Today I'm featuring my current read, The Girl Who Knew Too Much by Amanda Quick.  The excerpts shared are from a hardcover version borrowed from the library.
 The Girl Who Knew Too Much (Burning Cove, #1) 

Beginning:  Chapter 1
The abstract painting on the bedroom wall was new.  It had been painted in fresh blood.
********************

Page 56:  Maxine rose, unfazed by the instructions to contact a man who consorted with shady characters and known criminals.  She left, closing the door very quietly.

********************
My thoughts:  I'm a huge Jayne Ann Krentz/Amanda Quick fan, so I jumped at the chance to start her newest historical series, Burning Cove, set amidst the glamour of the 1930s.
********************


From Goodreads:  Amanda Quick, the bestselling author of ’Til Death Do Us Part, transports readers to 1930s California, where glamour and seduction spawn a multitude of sins…

When Hollywood moguls and stars want privacy, they head to an idyllic small town on the coast, where the exclusive Burning Cove Hotel caters to their every need. It’s where reporter Irene Glasson finds herself staring down at a beautiful actress at the bottom of a pool…

The dead woman had a red-hot secret about up-and-coming leading man Nick Tremayne, a scoop that Irene couldn’t resist—especially since she’s just a rookie at a third-rate gossip rag. But now Irene’s investigation into the drowning threatens to tear down the wall of illusion that is so deftly built around the famous actor, and there are powerful men willing to do anything to protect their investment.

Seeking the truth, Irene finds herself drawn to a master of deception. Oliver Ward was once a world-famous magician—until he was mysteriously injured during his last performance. Now the owner of the Burning Cove Hotel, he can’t let scandal threaten his livelihood, even if it means trusting Irene, a woman who seems to have appeared in Los Angeles out of nowhere four months ago…

With Oliver’s help, Irene soon learns that the glamorous paradise of Burning Cove hides dark and dangerous secrets. And that the past—always just out of sight—could drag them both under…

********************
  


This Friday Focus: The Friday 56 & Book Beginnings post was originally composed and/or compiled and published by Catherine for the blog, bookclublibrarian.com.  It cannot be republished without attribution. Sharing this original post on Twitter, Google+ and/or other blogs with appropriate recognition is appreciated.
 

Thursday Thoughts ~ Books from the Backlog

Happy Thursday . . .  aka Happy Almost Friday!!

It's time for Books from the Backlog, hosted by Carole's Random Life in Books.  It's a fun way to feature some of those neglected books sitting on your bookshelf unread.  If you are anything like me, you might be surprised by some of the unread books hiding in your stacks . . . or on your eReader.



 


This week's neglected book is . . . 




Missing Pieces 
Release Date:  February 2, 20l6
Publisher:  Mira


From Goodreads:   A woman uncovers earth-shattering secrets about her husband's family in this chilling page-turner from New York Times bestselling author Heather Gudenkauf.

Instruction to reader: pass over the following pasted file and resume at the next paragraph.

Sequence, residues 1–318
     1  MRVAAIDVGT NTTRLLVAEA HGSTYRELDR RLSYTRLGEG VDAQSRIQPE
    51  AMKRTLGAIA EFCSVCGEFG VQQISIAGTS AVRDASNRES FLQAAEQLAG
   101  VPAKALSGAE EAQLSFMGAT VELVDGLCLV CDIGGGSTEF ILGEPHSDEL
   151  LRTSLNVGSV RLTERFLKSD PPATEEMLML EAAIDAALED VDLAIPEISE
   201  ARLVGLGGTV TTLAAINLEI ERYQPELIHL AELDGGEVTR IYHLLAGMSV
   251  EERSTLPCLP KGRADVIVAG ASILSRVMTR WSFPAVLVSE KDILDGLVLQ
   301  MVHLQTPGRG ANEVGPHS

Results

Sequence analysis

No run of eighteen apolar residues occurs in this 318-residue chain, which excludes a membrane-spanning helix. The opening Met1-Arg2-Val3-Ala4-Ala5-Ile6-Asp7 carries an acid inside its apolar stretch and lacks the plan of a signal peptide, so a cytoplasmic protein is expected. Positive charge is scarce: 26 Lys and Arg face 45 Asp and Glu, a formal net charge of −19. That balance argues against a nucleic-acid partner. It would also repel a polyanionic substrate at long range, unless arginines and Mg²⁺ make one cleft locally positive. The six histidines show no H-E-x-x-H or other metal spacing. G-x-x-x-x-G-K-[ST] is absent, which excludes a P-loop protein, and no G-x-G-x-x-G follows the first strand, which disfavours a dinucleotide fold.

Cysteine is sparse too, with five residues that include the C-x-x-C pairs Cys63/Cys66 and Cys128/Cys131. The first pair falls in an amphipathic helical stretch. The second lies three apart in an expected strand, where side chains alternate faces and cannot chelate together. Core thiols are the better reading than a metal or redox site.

Sarah Quinlan's husband, Jack, has been haunted for decades by the untimely death of his mother when he was just a teenager, her body found in the cellar of their family farm, the circumstances a mystery. The case rocked the small farm town of Penny Gate, Iowa, where Jack was raised, and for years Jack avoided returning home. But when his beloved aunt Julia is in an accident, hospitalized in a coma, Jack and Sarah are forced to confront the past that they have long evaded.

Upon arriving in Penny Gate, Sarah and Jack are welcomed by the family Jack left behind all those years ago—barely a trace of the wounds that had once devastated them all. But as facts about Julia's accident begin to surface, Sarah realizes that nothing about the Quinlans is what it seems. Caught in a flurry of unanswered questions, Sarah dives deep into the puzzling rabbit hole of Jack's past. But the farther in she climbs, the harder it is for her to get out. And soon she is faced with a deadly truth she may not be prepared for.


Why I selected it:  Family secrets are always a tempting element that I can't resist.  Now that I've rediscovered this book on my shelves, I hope to read it soon.




This Thursday Thoughts ~ Books from the Backlog post was originally composed and/or compiled and published by Catherine for the blog, bookclublibrarian.com.  It cannot be republished without attribution. Sharing this original post on Twitter, Google+ and/or other blogs with appropriate recognition is appreciated

Wednesday, November 7, 2018

Can't Wait Wednesday

  
Can't-Wait Wednesday is a weekly meme hosted by Tessa at Wishful Endings which spotlights and discusses forthcoming books that bloggers are looking forward to reading. Generally it's about books that haven't been released yet. This meme is based on Waiting on Wednesday, formerly hosted by Jill at Breaking the Spine.

There are so many exciting new books on the horizon, so without further adieu, this week's Can't Wait For book is . . .  


Scrublands 
Release Date:  January 8, 2019
Publisher:  Touchstone/Simon & Schuster


From Goodreads:  In an isolated country town afflicted by interminable drought, a charismatic and dedicated young priest calmly opens fire on his congregation, shooting dead five parishioners before being gunned down himself.
A year later, accompanied by his own demons from war-time reporting, journalist Martin Scarsden arrives in Riversend. His assignment is deliberately simple: describe how the townspeople are coping as the anniversary of their tragedy approaches. But as Martin meets the locals and hears their version of events, he begins to realise that the accepted wisdom – that the priest was a paedophile whose imminent exposure was the catalyst for the shooting, established through an award-winning investigation by his own newspaper – may be wrong.